November 5, 2018KR Conversations

Erika T. Wurth

Erika T. WurthErika T. Wurth’s publications include a novel, Crazy Horse’s Girlfriend, two collections of poetry, and a collection of short stories, Buckskin Cocaine. A writer of fiction, nonfiction, and poetry, she teaches creative writing at Western Illinois University and has been a guest writer at the Institute of American Indian Arts. Her work has appeared or is forthcoming in numerous journals, including Boulevard, Drunken Boat, the Writer’s Chronicle, Waxwing, and South Dakota Review. She is represented by Peter Steinberg. She is Apache/Chickasaw/Cherokee and was raised outside of Denver. An excerpt from her essay “Forcing His Body to the Water” can be found here. It appears in the Nov/Dec 2018 issue of the Kenyon Review.

What was your original impetus for writing “Forcing His Body to the Water”?

It started in a really funny way. My agent hadn’t been able to sell my novel to a big press (I eventually placed it with SUNY) and since my fiancé and family is in Denver, and my job in rural Illinois, my agent proposed that I give a nonfiction proposal a shot, so that if it sold, I could spend more time at home writing the fiction after completing the nonfiction manuscript—because nonfiction can make more money. But nonfiction makes me nervous. I think especially as a Native, there’s something creepy about it, at least for me, because what we are, our myriad daily lived lives, still doesn’t really make it into the larger American framework. At least in fiction, the story isn’t supposedly about me. In nonfiction, it makes me feel like I’m making myself an object for inspection, and Indians are already that. Dear God, look at the Warren fiasco. It was like a three-day social media migraine, where white folks were either like well, she showed him! Or OK, now we’ll line these Indian experts up and they’ll show us who the real Indians are! It’s part of why when I was asked to write nonfiction for magazines, I would dip into the personal, but I always wrote around a certain political and/or scholarly matter. But I thought long and hard about what I could write that I would care about, and that folks would care about. I decided to interview two people about the pipeline: Hughie Tweedy, a white guy in his 60s who lived not far from where I’d been teaching for years, and Alana Eagle Shield, a young native from the Standing Rock Reservation. Both of them had been affected by the pipeline, and terribly. I did, and I put something together, and my agent just really didn’t like it. But something came together when I was going through the whole Alexie drama. I’d pretty much quit writing poetry, and I was thinking about Hughie and Alana and how deep their experiences were, and somehow that made it into a kind of semi-poetic piece about me, and them, and what was at stake in our lives.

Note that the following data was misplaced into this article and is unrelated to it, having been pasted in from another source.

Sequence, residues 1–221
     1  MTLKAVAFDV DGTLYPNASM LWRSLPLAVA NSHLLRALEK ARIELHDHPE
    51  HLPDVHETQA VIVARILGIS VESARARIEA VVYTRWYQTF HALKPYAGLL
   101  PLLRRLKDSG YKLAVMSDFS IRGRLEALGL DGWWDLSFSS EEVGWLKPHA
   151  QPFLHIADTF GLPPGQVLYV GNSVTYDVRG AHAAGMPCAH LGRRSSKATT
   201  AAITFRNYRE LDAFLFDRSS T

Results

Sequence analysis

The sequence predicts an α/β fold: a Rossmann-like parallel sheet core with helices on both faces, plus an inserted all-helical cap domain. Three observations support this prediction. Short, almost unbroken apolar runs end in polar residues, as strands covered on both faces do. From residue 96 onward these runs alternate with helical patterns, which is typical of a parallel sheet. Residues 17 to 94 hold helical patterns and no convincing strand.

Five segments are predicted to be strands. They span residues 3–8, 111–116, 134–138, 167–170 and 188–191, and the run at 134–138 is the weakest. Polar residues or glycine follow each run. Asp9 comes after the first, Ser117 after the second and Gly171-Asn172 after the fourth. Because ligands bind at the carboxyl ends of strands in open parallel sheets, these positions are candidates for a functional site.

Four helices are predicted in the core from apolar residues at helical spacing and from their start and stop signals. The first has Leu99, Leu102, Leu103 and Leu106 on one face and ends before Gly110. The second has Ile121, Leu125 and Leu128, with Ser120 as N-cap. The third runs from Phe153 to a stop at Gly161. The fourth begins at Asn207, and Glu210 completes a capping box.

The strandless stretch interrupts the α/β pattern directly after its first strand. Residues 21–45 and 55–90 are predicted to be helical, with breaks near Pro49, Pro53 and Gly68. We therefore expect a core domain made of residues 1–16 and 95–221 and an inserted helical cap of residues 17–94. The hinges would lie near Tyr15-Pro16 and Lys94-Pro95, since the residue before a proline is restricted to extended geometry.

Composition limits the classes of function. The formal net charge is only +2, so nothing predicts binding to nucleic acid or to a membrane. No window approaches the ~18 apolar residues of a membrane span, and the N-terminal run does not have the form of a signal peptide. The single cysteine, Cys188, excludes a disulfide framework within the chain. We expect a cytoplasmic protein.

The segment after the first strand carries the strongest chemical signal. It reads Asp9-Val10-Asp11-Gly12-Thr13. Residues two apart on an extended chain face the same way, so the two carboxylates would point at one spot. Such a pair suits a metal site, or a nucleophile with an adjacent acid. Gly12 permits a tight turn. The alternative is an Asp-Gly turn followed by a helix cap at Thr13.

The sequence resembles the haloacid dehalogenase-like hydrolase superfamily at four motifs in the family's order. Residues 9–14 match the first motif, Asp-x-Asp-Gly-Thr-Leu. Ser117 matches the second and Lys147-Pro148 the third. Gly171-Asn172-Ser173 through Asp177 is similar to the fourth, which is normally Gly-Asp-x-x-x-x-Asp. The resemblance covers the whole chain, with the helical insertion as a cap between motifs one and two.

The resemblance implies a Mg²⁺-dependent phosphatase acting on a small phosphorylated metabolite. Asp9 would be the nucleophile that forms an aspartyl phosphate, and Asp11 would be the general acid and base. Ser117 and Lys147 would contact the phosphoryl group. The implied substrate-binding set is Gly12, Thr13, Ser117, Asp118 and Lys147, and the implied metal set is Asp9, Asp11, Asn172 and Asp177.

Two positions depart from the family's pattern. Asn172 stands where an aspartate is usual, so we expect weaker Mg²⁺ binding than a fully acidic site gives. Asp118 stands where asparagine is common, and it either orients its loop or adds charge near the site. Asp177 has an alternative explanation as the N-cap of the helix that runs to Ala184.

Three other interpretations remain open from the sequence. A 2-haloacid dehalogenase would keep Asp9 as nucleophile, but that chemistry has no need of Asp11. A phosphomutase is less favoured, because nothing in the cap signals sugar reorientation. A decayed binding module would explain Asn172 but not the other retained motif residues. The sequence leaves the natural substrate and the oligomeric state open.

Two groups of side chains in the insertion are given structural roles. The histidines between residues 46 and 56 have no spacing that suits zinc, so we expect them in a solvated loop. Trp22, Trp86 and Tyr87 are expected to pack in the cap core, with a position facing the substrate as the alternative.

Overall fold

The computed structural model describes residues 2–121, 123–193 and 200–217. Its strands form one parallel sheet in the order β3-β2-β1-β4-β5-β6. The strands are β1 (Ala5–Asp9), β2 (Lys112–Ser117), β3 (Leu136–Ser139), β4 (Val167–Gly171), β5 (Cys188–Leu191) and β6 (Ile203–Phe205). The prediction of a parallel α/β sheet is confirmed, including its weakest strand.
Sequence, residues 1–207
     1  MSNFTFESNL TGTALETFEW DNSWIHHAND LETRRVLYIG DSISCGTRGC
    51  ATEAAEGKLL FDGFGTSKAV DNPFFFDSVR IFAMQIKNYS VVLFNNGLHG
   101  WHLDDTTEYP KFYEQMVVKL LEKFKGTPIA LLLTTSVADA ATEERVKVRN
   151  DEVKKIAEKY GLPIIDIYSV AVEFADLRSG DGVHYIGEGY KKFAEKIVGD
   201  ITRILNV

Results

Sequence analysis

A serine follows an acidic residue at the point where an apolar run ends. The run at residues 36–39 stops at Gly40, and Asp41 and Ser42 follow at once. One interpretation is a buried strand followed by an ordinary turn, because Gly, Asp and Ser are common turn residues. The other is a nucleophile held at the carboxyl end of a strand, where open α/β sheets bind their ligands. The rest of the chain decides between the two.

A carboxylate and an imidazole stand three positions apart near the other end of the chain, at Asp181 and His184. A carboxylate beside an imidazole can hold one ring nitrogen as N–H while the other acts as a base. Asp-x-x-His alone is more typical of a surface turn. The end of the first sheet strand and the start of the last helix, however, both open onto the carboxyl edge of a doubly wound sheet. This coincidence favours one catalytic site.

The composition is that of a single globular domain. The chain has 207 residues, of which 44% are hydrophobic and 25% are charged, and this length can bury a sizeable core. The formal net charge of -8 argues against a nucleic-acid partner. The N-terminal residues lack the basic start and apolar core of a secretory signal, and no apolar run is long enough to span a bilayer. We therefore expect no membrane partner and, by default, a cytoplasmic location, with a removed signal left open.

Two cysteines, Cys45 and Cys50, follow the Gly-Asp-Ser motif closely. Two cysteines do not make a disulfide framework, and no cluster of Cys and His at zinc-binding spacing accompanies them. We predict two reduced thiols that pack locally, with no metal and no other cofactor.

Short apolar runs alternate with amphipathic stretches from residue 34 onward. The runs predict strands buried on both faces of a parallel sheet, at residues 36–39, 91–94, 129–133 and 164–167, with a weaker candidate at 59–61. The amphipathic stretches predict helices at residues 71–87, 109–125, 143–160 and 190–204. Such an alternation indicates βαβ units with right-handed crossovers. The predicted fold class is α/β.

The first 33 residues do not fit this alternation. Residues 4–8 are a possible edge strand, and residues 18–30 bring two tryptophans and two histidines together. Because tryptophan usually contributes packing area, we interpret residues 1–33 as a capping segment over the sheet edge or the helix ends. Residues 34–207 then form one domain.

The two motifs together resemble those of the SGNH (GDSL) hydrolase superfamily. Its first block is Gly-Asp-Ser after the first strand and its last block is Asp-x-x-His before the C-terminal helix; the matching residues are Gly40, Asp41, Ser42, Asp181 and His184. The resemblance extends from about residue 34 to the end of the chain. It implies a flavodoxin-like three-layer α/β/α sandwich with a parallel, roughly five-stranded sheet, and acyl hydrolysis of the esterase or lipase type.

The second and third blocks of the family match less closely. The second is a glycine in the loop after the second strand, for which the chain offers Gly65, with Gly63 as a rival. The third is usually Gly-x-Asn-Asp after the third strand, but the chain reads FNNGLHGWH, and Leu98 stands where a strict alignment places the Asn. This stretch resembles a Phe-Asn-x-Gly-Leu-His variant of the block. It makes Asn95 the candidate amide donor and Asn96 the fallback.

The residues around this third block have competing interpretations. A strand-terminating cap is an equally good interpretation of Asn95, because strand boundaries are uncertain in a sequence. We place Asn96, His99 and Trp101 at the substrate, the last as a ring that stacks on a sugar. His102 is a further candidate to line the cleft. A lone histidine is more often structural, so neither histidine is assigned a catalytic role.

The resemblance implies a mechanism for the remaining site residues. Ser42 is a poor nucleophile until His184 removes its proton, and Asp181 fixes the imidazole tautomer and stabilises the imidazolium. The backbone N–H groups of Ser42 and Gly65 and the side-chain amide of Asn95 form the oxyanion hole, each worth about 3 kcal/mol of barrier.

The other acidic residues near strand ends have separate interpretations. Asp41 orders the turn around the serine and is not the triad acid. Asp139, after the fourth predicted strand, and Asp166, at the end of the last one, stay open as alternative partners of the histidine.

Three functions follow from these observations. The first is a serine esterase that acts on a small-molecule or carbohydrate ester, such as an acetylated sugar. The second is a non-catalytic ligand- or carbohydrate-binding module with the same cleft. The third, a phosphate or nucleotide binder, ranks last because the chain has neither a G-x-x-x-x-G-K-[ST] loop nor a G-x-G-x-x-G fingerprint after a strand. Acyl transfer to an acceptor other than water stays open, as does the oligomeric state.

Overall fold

This quote on your website stuck out to me: “That’s what’s funny about being an Indian woman. We don’t need their respect. They need ours.” Do you feel like this sentiment is echoed in this piece? In your other work?

This was a pull quote from a Rumpus interview—I thought it might be striking for the site when my web designer was updating it. I had to go back to the original interview to remember what the HECK I meant by it—but I think ultimately that this is our country. Not to go back to the Warren issue, but, it really does touch on what matters for Native people. Like sovereignty. We are in a termination era under Trump and it is frightening. So much is at stake, and keeping our sovereign territories—treaties that we have with the government that make it clear that we have ceded land in exchange for certain territories in this country to be self-governing and for certain rights on that land. That is why so many Natives are saying that it’s not about blood or race. My feelings might be slightly different because I feel like race is like any other thing: an awkward way to talk about a gigantic thing. In this case, a conglomeration of genetic factors that arise for a community living for thousands of years in a certain territory. And I agree that sovereignty comes first. Our right to self-determination—that includes our land, our culture, our way of life, our languages—but if folks are to say that it’s not about blood, well, not one Indian Nation does it that way. It’s all based on deeply inadequate rolls that were created during short periods of time that included the descendants of the original inhabitants of this country. If it’s not about blood, then we’d have to have another criterion—like, you have to live on that land, speak the language, participate in all cultural/spiritual activities. But that’s the thing: you can’t dictate those things, and even if you did, very few people could comply. People can’t borrow against their homes on the Rez—the land is ours, but the homes are not—they are government property. So how do you get a small business loan? You can’t. So our economies are suffering. But there is a reason why 60% of white Americans claim to be Indian, with zero sense of our daily lives: they know it is our country, and there is guilt. I think that’s in everything I write. Vonnegut said you only have to write for one person, and for him, that was his sister. That works for me too, because I think it’s important that Native writers don’t have this imaginary white audience in their minds—it wrecks the art, even if you pull the politics out of it.